Rhino poaching numbers in South Africa this year increased by 50% when compared to the same time period last year – largely due to the lifting of lockdown restrictions and poverty brought on by Covid-19.
According to the latest statistics by the Department of Forestry, Fisheries and the Environment (DFFE), 249 rhinos lost their lives between January and the end of June this year.
In 2020, this figure stood at 166.
Poaching activities in the Kruger National Park, the largest area to house rhinos, increased by 3.7% to 715 incidents, compared to 689 in 2020.
Mpumalanga and Limpopo, the two provinces where the park is located, accounted for 50 of the 249 rhino deaths.
However, it is not all doom and gloom – it cannot be, if we are to protect the remaining rhinos that roam South Africa, and reflect on their importance, this World Rhino Day.
Head of conservation for Investec, Geraldine Fleming, told The Citizen there was some good news among the damning statistics.
This came in the form of the death of rhino poaching kingpin Sydney Mabuza, also known as “Mshengu” or “Mr Big”. Fleming said a lull in poaching incidents was observed after his death. This was, however, short-lived.
Another victory was the reopening of the Skukuza Regional Court, the country’s designated poaching crimes court.
The court was temporarily closed by Mpumalanga regional court president Naomi Engelbrecht in August 2019, and moved almost 100km from Skukuza, for dubious reasons.
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Luckily, the battle to reopen the court, which boasted a 99.8% rhino poaching conviction rate, proved successful.
Lastly, Fleming said a rhino dehorning project, focusing on females, is underway in strategic regions of the Kruger Park, which hopefully means the source of income for would-be poachers is throttled.
Unemployment and illegal wildlife trade
With the Covid-19 pandemic came an influx in more dismal unemployment figures. But, lockdown restrictions did temporarily halt the transportation of poached goods such as rhino horns.
Fleming said once people were able to move around freely, poaching took off with earnest, “with poachers making up for lost time and money”. She said networks may have been stockpiling until the transport industry started up again.
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“With increased unemployment around reserves due to retrenchment, lack of tourism income, we are seeing more subsistence poaching and bushmeat consumption, but in these circumstances the temptation to get drawn into poaching and trafficking rings increases,” Fleming explained.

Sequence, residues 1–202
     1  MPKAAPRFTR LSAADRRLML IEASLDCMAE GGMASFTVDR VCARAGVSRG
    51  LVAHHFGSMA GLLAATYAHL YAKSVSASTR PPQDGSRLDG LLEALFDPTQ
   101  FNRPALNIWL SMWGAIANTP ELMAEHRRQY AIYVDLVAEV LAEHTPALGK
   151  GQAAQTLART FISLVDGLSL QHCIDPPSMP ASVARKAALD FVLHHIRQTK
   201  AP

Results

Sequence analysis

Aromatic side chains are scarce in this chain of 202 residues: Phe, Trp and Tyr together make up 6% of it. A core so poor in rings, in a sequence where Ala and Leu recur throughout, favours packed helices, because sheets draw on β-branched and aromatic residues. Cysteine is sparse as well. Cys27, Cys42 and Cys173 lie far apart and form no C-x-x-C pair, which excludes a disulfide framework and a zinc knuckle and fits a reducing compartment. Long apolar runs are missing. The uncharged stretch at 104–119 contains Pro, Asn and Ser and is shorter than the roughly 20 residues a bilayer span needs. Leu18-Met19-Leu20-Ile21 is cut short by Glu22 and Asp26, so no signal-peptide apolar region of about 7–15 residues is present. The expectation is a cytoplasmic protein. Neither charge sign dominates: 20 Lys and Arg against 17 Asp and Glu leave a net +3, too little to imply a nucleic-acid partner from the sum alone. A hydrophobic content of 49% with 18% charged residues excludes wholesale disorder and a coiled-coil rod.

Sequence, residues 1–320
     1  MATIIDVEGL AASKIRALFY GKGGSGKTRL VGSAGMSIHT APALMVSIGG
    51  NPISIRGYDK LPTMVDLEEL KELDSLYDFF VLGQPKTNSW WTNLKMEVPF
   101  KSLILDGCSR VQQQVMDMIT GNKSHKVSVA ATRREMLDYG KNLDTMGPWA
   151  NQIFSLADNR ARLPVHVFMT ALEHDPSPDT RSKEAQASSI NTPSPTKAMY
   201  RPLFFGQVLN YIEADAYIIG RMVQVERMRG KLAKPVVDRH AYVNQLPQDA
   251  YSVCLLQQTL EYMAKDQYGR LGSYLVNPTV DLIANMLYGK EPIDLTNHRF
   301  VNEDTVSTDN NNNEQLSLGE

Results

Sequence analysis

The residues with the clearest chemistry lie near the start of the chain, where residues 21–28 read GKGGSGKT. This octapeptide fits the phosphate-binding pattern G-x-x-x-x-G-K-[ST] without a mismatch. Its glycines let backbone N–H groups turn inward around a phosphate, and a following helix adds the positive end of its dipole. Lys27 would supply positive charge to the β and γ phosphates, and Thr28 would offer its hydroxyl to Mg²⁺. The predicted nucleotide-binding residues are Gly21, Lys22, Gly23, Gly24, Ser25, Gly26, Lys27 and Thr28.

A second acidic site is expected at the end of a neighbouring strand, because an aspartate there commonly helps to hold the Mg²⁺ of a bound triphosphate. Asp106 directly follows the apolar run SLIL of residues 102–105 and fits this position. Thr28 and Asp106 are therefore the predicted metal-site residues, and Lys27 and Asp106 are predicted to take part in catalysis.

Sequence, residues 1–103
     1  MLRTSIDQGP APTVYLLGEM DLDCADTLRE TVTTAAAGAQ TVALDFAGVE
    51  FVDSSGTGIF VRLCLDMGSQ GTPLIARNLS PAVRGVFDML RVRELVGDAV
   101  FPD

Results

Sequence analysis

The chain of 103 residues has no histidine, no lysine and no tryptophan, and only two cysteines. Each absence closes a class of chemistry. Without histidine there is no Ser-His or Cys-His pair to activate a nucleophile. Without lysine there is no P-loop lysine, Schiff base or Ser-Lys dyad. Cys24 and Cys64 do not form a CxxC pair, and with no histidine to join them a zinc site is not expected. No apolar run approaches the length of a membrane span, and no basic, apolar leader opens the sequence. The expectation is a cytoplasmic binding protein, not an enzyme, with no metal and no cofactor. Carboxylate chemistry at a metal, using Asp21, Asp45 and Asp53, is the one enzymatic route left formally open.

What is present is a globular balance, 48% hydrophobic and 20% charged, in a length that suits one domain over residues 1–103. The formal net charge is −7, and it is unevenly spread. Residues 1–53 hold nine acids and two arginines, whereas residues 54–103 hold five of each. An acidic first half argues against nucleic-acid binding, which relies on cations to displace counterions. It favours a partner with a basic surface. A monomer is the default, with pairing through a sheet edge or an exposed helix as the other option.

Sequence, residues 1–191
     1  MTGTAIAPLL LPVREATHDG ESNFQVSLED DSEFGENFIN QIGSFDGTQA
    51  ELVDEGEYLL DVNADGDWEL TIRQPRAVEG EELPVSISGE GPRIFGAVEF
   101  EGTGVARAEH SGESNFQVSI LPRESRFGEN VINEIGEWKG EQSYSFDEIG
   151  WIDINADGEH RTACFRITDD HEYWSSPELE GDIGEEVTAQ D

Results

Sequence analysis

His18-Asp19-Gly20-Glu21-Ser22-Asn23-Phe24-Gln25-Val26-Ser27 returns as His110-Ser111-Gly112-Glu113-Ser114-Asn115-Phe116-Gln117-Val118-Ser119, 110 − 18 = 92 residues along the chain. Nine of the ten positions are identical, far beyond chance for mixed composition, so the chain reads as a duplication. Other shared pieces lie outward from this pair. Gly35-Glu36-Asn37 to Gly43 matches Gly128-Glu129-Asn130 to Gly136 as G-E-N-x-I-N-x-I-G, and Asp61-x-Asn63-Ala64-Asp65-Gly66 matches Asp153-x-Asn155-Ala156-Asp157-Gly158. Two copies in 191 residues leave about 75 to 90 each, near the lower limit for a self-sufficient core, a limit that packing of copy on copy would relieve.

Current travel restrictions still make it difficult for people to smuggle wildlife products via air, which was always a popular method of travel, according to the United Nations Office on Drugs and Crime.
However, Fleming says these markets will likely “reorganise themselves”, with online trade channels already increasing.
What is being done to stop illegal wildlife crime?
One public-private partnership bringing together financial services, regulators and law enforcement is the South African Anti-Money Laundering Integrated Taskforce (Samlit).
Fleming said the work of Samlit has increased understanding financial flows and of criminal network operations into illegal wildlife trade.
The head of the Samlit expert working group on illegal wildlife trade is also Investec’s head of financial crimes compliance, Gerald Byleveld.
The biggest challenge in taking down illegal networks is to communicate and collaborate across borders. This means government and law-enforcement agencies across the globe have to work together to apprehend criminals and syndicates.
But with differing legal systems and laws, this makes convictions and sentences increasingly difficult.
However, in South Africa, the source of illegal products is significantly closer, which means Samlit has more of a chance of succeeding locally.
Don’t give up
Fleming emphasised it was “never too late” for the country’s rhinos, and all wildlife suffering under the illegal trade.
“If we give up hope, we will lose them all!”
She advised those feeling despondent about dwindling rhino populations need only read up on some positive stories.
One such story is Kenya increasing its rhino population by about 38% in under four years. And last year, it achieved zero rhino-poaching deaths.
“So, the time to act is now!”
Fleming said Investec wanted to salute all its non-profit partners in conservation on the 10th World Rhino Day anniversary, “who give their hears and souls to rescuing and protecting the animals we love to see in the wild”.
Those in conservation education, and corporates making their resources available, are also thanked for their contributions in ensuring that present and future generations will be able to see a rhino, and other wildlife currently under siege, in the wild.